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Talented Kelvin Momo’s Amukelani leaves fans bowing in awe

‘King of private school amapiano’ inspired by his father’s love of jazz

Masego Seemela Online journalist
Kelvin Momo talks about making great strides in the music industry.
Kelvin Momo talks about making great strides in the music industry.
Image: Supplied

The self-proclaimed “king of private school amapiano” Kelvin Momo has in the past years managed to master an idiosyncratic subgenre that incorporates jazz, deep house and lounge sounds.  

Kelvin Momo, whose real name is Thato Kelvin Ledwaba, is considered one of the pioneers of a unique sound that’s fuelled by darting keys and tantalising pads, replacing the distinctive amapiano grit with a polished shine, culminating in a stone-cold masterpiece.  

Under the watchful eye of Kabza de Small, Kelvin Momo has been able to make strides within the music industry with his album Momo’s Private School, released under the King of Amapiano’s record label Piano Hub in 2020.

However, it was his recent offering, his much-awaited album Amukelani that left his fans bowing in awe at the talent that is Kelvin Momo. 

“My father used to play music a lot when I was younger specifically jazz that’s where my love for music began. I then started to familiarise myself with different genres and that’s when I realised that music somehow sets my soul on fire,” said the 28-year-old from Diepkloof, Soweto.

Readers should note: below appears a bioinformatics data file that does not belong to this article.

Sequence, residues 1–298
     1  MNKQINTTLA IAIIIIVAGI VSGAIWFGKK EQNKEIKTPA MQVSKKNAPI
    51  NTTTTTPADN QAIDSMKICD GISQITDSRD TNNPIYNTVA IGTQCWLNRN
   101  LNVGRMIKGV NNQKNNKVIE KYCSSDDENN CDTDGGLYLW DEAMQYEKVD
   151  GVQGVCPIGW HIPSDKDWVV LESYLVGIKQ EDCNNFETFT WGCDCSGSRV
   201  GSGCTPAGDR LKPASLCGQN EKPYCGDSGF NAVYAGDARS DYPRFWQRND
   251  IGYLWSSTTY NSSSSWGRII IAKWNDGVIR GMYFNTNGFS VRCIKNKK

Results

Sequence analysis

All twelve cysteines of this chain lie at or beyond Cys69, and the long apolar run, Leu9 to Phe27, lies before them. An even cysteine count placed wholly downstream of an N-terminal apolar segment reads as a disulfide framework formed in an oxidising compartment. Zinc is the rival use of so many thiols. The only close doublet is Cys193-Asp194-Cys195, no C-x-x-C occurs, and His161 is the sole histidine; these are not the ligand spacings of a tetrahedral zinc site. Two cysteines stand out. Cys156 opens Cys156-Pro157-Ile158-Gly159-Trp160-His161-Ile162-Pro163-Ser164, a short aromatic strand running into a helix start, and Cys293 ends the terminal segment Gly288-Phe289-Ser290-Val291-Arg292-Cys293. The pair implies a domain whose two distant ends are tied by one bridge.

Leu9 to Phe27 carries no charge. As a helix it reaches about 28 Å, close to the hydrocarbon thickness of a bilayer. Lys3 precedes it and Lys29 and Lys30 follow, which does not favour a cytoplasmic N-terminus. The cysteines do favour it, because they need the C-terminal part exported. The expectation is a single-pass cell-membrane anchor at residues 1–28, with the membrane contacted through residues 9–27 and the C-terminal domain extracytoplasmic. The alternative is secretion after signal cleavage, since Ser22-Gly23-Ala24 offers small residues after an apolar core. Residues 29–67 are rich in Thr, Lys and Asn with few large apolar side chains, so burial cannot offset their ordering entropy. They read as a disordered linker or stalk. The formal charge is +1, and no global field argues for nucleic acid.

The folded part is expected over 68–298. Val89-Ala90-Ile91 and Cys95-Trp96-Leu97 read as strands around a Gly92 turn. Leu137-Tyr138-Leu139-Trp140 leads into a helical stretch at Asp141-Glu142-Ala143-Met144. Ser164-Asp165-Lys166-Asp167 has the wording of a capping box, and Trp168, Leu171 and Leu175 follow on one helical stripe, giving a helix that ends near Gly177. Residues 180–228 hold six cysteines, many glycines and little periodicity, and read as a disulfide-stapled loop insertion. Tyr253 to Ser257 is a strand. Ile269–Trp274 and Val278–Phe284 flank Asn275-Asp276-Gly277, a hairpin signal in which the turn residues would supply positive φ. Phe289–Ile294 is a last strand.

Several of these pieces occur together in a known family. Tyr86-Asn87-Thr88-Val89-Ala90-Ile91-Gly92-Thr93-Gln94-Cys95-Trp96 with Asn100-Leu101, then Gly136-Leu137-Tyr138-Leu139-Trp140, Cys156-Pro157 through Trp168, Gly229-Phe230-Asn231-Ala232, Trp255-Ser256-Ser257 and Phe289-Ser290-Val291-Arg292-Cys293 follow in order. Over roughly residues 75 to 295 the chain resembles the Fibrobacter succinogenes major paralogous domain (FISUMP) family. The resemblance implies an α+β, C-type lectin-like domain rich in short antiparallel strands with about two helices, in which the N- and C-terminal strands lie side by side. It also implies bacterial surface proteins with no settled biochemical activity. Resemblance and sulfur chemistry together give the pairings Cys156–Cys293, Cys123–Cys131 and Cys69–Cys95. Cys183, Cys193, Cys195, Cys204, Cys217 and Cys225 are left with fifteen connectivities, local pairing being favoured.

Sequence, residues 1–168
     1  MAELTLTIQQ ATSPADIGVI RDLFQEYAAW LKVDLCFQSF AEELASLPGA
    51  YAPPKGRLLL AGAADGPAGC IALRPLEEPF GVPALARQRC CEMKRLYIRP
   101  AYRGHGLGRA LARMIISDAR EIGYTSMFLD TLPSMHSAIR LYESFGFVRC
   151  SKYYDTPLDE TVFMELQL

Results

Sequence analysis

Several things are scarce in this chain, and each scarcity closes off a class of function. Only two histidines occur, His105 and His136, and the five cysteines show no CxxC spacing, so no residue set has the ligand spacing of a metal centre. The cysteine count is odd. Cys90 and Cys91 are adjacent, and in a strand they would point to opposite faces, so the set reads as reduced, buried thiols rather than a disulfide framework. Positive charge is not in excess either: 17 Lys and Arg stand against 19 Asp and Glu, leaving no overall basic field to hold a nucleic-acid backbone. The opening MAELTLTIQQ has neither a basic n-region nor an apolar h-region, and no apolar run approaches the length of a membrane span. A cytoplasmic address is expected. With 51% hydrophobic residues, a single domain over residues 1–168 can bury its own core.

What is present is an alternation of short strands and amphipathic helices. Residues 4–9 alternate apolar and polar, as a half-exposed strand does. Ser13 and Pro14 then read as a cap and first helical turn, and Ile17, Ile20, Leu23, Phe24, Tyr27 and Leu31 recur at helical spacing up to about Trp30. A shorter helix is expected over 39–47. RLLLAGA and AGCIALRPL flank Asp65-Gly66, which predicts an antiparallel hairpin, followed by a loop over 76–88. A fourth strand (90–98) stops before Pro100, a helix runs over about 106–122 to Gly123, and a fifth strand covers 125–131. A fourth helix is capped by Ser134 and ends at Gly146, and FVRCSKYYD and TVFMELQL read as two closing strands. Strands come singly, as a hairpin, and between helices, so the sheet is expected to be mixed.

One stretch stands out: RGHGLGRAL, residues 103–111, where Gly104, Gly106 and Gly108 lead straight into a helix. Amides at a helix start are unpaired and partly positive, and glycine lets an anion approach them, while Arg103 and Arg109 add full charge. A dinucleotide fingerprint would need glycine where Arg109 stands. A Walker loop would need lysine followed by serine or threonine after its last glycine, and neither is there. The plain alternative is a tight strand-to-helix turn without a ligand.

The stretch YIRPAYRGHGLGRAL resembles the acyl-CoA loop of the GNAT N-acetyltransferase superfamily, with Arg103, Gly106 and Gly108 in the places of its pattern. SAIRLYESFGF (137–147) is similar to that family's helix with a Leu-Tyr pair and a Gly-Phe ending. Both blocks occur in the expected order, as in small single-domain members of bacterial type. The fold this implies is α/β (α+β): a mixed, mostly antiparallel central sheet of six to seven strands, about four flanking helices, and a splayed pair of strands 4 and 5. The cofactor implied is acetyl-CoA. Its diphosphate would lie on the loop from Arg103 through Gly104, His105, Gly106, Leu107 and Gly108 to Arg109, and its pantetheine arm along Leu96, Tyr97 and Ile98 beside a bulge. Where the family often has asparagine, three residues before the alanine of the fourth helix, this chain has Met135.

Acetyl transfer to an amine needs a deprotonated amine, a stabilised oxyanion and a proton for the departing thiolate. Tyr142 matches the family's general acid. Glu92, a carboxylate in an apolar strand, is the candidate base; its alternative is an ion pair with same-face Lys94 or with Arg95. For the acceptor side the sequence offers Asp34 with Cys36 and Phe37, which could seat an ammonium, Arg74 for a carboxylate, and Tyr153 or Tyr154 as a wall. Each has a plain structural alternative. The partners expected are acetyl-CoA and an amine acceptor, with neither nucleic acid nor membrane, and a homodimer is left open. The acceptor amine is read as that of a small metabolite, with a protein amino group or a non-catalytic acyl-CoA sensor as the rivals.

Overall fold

“I was in high school when I got my first smartphone, I learnt how to DJ using it that phone. I would select a song and create a playlist from there... little did I know it’ll grow into the love of music such as being a full-time DJ.”   

He has been creating production mixes and churning out songs for close to a decade, earning him a reputation as one of SA’s most sought-after producers.

Kelvin Momo on making great strides in the music industry.
Kelvin Momo on making great strides in the music industry.
Image: supplied

“I used to listen to the soothing jams of R&B singer Tamia and Swiss harpist Andreas Vollenweider… they helped shape the way I perceive and listen to music. I admired how detailed their music was along with the arrangement of their songs, which highly influenced how I produce my music now,” he adds.

In 2019, Kelvin Momo recorded songs like Abantu Bethu with C.A. Souls and the laid-back hit Yelele with Luu Nineleven and DJ Stoks, he then was widely featured on the influential label House Afrika’s Mzansi House collection.

When asked whether he knew his music would be a worldwide hit, Kelvin Momo remarked: “I knew I was destined to be big, however, I believe my hard work has finally paid off with my new project that I dropped last week Friday. I am completely overwhelmed by the love and support I’ve received from Amukelani.”

“It’s overwhelming to me because when I was producing this album I had a lot of emotions within me, so when it dropped I was praying for people to understand the message I was trying to put across, and I am happy they did.

“More than anything I’m grateful for the love and support I’ve received in my music journey… I have no words,  but I am truly humbled.”

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